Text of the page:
LW2: If you’re striking out that badly online, get some input.  Are you one of those people with super-generic profiles?  “Looking for a nice guy with whom to have some fun” says nothing; rewrite your profile to make it more specific and, if somebody emails you, don’t be afraid to go out on a limb a little bit talking about hobbies and things.  I’ve had terrific luck online, but I got my friends’ input on my profile.  You may get fewer responses, but you’ll get better prospects once you weed out the “window shoppers” by sounding as if you have your own mind, interests, and goals.

  7. avatar zz says:

    First time commenter here.  I have a step daughter who had two internet dates and gave up, because it didn’t work.  It usually takes a lot of meetings to find some really compatible dates.  It seems to me that the younger crowd expects too much.  My take was always to expect a nice conversation and nice lunch, dinner, drink, whatever, and nothing more.  If you connect you will know it right away.  Our LW2 needs to start meeting, and stop worrying about dating and losing her virginity.  Just get out there and meet people, one way or another.  And by the way,  I connected with a guy ten years ago, and we’ve been blissfully married for eight. 

  8. avatar MameSnidely says:

    I feel a little bad saying this, but I had (emphasis on past tense) a friend in LW2′s situation (virgin, thirties), and we tried everything to make sure they got some dates. We updated the closet a bit, we gave fashion advice, we made a point of coaching, etc. The person turned out to be a sexual predator, and other people were picking up on that vibe.  We weren’t, because we’d known them for so long. It might be worth LW’s time to get the opinion of a friends friend, someone that doesn’t know them to see if they shoot off a really bad vibe. If she does get an affirmative, she can hit up therapy in a hurry.
     
    Secondly, I had a non-predator friend in the same circumstances. It turns out he has a very, very specific type that does it for him, and it’s pointless to try anything else, LW may also have that issue.
     

  9. avatar R Scott says:

    LW1 – I don’t recall enough about the first letter to comment but that’s not going to stop me. Well, yeah it is.

    LW2 – Let’s focus. I think your main objective is to lose your virginity otherwise you wouldn’t be writing to Margo about for the second time. Go out. Have some drinks and flirt. Go home with the first attractive man that asks you and get it done. It’s a physical act. It’s not a mind blowing metaphysical journey to the top of the mountain. It’s going to be awkward (maybe) and uncomfortable (maybe) but get yourself passed this and start enjoying a happy, healthy and (in my opinion) very enjoyable activity that may just lead you the right man. Sex is fun and at your age I would wonder why, in spite of your litany of excuses/reasons you’ve not tried it.
     

    • avatar David Bolton says:

      Oh and by the way—there’s multiple levels to sex. It’s great—just like multilevel marketing, where you do what you’re comfortable with.

      And you can do it with the body part that happens to be handiest (pardon the pun).

      • avatar R Scott says:

        Yep, and great sex does not always involve some form of intercourse…. oh no….. lots of things to do and play with………….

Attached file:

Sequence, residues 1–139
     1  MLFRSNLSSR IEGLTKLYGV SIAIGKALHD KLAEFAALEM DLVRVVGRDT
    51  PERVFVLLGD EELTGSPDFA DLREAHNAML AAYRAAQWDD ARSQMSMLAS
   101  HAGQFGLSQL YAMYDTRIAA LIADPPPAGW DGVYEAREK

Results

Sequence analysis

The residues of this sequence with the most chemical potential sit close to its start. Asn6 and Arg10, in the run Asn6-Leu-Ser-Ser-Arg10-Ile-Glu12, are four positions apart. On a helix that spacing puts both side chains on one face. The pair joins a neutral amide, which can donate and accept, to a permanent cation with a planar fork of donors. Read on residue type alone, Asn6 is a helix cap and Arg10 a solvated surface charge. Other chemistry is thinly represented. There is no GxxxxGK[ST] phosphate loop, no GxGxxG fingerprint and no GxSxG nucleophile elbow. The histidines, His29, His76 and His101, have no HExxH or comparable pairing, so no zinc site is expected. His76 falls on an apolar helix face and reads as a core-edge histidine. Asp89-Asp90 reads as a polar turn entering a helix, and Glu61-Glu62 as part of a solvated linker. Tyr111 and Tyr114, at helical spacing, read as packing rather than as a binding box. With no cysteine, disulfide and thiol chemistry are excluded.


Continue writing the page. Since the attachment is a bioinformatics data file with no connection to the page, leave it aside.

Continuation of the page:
10. avatar G T says:

    Why are some people insisting her choice is to wait for a loving relationship because the alternative is a icky one night stand?  She could be waiting a long time with that mentality.  There are choices besides loving relationship and one night stand.  I agree that a one night stand is not a good choice for a virgin and could be traumatizing.  However, she could ask a trusted open minded male friend that she finds nice but doesn’t have a crush on to “show her the ropes”, perhaps one that doesn’t live immediately near her to remove any embarrassment.  Or she could go take some classes at a community college, join their clubs and do what most do in their student years, which is to get to know someone for a little while, then have a pleasant fling, which is not to be confused with a one night stand OR an audition for marriage.  A male student is generally not gonna be ready for something serious, but will be less put off by a virgin and willing to just have a little fun.

  11. avatar bobkat says:

    LW2: Do you have a nice male friend who wouldn’t mind becoming more than friends? You’d want your first experience to be with someone you at least like and whom you trust, not a stranger you met at a bar. I feel, that there’s a window, somewhere between ages 16 and 23 or so, in which most people lose their virginity, and the longer one waits beyond that, the more of a liability virginity becomes. Maybe the reason why you don’t attract men is that you unconsciously give off a vibe they pick up on. Losing your virginity to someone you already know will change that vibe and men will be much more attracted to you and persue you.

  12. avatar Sue ZQ says:

    “I may sound like a broken record — sorry, a repeating CD —”
    – a glitchy iPod!

  13. avatar impska says:

    LW2: I think three dates is too few to give up on online dating. I know several couples (including my own mother!) who found love online. But some of them went on dozens of dates. Some had to try multiple sites. And there were even a few bad relationships thrown in to boot.
     
    Online dating requires patience, but it does work.

  14. avatar SallyQ says:

    LW2: If you are single and not being asked out on dates, there is something wrong, but it’s not necessarily you. It could be your situation. 1) Read the book Why Men Love Bitches (don’t be put off by the title); 2) Meet lots more people (through work, city, gym, activities); 3) Be your most stylish, best self; 4) Never say negative, complaining, or critical things or give unsolicited advice; 5) Be happy and confident; 6) If you are hung up on a past crush, let him go. Good luck!